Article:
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You likely already know you should be saving money every month. Whatever your income level or job industry, saving money for future needs is essential to maintaining financial stability. But how much should you save each month? Well, that depends.
The short answer is that you should save as much as you can afford to set aside. The long answer is that the right amount to save is unique to you and includes factors such as your financial goals, how much you earn and how much you spend each month on essential expenses.
How Much You Should Aim to Save Each Month
Americans on average have been saving between 7% and 8% of their monthly income in recent years, but that doesn't mean that percentage is right for you. As noted above, your savings target will depend on your particular financial profile. Your savings goal could be more or less than the national average once you calculate those numbers.
For instance, you may find that your monthly budget doesn't allow for 7% savings and that you have to aim for saving 2% of your income instead. That's not a problem. The important thing is to establish a savings habit. You can always increase your monthly goal as you pay down debt or earn more money.
One thing to consider is what you're saving for. Rather than thinking of your savings as a lump sum that sits in a bank or investment account, it can help to save with specific goals in mind. For example, you might want to save for a house, a wedding or a general rainy day fund. In each case, you'll likely have a specific amount of money you need to save to achieve these goals, and figuring that out ahead of time can help you determine how much to save each month.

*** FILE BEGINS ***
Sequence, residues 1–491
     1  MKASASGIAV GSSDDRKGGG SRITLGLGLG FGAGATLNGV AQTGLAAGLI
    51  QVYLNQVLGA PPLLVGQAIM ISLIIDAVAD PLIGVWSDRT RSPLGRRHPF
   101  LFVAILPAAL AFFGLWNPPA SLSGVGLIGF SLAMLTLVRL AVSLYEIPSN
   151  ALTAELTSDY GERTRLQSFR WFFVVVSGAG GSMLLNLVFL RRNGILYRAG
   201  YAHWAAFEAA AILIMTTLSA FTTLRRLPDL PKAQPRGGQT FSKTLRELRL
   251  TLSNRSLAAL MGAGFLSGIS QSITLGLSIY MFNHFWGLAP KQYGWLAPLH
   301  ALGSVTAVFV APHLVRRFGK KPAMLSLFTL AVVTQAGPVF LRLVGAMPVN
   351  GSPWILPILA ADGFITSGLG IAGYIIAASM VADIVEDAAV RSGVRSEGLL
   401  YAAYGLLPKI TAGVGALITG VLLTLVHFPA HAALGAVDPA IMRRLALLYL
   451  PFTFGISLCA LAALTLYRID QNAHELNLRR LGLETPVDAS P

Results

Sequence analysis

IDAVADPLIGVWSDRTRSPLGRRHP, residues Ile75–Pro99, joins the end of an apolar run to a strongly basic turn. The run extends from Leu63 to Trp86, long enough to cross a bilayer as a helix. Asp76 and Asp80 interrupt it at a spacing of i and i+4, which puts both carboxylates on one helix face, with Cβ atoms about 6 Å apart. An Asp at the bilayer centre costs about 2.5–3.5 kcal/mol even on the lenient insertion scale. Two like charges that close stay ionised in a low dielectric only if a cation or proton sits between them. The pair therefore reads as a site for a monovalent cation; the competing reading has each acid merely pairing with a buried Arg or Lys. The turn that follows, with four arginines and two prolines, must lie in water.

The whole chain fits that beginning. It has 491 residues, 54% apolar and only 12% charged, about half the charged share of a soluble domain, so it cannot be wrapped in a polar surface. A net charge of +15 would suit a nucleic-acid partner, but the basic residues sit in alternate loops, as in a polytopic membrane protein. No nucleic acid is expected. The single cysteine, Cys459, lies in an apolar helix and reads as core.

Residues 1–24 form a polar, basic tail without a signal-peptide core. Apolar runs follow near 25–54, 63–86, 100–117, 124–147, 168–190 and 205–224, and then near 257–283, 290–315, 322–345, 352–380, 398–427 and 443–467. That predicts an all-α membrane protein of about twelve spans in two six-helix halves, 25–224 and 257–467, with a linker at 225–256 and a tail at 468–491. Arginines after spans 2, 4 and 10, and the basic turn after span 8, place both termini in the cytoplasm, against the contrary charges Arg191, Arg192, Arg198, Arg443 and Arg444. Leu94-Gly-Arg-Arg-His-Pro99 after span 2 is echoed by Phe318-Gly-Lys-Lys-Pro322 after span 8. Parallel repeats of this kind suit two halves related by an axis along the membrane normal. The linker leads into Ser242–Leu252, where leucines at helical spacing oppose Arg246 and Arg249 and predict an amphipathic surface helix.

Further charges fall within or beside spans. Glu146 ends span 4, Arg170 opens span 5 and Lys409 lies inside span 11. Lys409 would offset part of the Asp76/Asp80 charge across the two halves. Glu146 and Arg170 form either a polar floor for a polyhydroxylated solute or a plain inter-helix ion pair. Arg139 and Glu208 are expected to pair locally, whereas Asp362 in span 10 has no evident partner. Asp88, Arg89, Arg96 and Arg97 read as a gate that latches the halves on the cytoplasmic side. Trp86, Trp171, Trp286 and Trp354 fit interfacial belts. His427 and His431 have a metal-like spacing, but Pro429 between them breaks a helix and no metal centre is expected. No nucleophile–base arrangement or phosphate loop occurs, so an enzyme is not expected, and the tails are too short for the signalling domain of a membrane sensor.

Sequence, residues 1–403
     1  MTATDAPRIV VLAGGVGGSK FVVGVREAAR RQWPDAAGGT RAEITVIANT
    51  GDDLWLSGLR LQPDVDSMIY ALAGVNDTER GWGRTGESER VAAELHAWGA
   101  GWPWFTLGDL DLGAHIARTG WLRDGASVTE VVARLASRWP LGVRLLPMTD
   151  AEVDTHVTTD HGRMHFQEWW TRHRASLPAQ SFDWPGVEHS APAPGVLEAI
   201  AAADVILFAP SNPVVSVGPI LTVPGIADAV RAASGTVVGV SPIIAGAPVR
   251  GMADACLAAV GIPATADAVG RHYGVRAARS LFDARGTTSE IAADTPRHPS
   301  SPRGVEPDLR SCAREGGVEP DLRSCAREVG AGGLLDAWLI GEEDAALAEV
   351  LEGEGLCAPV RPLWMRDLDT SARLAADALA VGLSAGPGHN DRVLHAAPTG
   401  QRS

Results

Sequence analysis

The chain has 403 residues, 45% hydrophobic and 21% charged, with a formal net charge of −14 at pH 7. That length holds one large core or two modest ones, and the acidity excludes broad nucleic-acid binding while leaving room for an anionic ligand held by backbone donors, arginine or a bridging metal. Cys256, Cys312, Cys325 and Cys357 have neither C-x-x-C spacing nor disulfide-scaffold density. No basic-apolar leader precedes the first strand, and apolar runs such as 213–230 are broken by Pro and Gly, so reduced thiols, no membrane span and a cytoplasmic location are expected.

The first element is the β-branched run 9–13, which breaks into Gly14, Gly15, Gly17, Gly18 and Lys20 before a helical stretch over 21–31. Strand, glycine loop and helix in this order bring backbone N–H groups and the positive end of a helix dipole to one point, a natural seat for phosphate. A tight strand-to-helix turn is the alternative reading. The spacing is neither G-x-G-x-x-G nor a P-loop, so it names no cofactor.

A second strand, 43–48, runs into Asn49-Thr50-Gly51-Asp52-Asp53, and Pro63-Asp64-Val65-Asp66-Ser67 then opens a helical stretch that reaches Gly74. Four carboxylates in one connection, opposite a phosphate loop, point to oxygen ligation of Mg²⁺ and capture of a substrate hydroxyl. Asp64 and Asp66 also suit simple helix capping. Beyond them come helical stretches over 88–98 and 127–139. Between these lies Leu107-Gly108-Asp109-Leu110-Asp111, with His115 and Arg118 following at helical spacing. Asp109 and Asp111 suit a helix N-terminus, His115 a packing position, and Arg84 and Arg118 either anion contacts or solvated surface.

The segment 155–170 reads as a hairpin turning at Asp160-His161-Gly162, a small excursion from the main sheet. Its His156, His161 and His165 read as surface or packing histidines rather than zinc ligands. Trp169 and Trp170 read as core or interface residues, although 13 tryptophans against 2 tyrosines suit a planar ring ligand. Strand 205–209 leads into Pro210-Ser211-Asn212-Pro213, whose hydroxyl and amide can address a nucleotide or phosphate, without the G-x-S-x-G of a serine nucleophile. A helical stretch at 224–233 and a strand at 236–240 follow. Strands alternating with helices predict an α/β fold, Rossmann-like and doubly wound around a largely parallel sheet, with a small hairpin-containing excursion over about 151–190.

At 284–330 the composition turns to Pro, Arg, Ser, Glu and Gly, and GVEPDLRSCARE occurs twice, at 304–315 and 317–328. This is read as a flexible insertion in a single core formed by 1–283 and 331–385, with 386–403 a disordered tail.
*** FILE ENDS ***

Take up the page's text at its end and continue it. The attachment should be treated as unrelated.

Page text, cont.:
You may also be thinking about retirement and whether you'll have enough money to live on when you leave the workforce. Experts offer a few different takes on how far along your retirement savings should be at different points in your life. One view says that by age 30, you should have set aside the equivalent of one year's salary in retirement savings. Others take a less aggressive approach and suggest saving half your annual income in a retirement account by age 30.
But no matter where you are with your retirement savings, it's never too late to start. What matters is that you create a savings plan that works for you and that you can maintain month to month.
Why You Need an Emergency Fund
An emergency fund is there for life's unexpected events. If you suddenly lose your job, it helps to have a few months' worth of expenses covered in a savings account so you don't have to worry about your ability to pay your bills while you look for work. If you get sick, an emergency savings fund can help you cover out-of-pocket expenses without taking on debt. If your car's transmission dies and you have to replace it, having an emergency fund could make that situation a bit less painful.
Your emergency fund can give you the space to think through a difficult financial situation and make smart long-term decisions, since you'll be less panicked about how to afford a given expense.
The rule of thumb with emergency funds is to set enough aside to cover three to six months of expenses. You can build the emergency fund over time by putting a portion of your income into it each month.
You can calculate your emergency fund goal by adding up all of your essential monthly expenses, including:
- Rent or mortgage payments
- Utilities payments
- Gas or public transportation expenses
- Monthly minimum debt payments
Be sure to add any other essentials you pay for on a recurring basis, such as medical prescriptions or other non-negotiables, like your car registration. Once you've tallied those costs, multiply them by three or six to get your emergency savings target.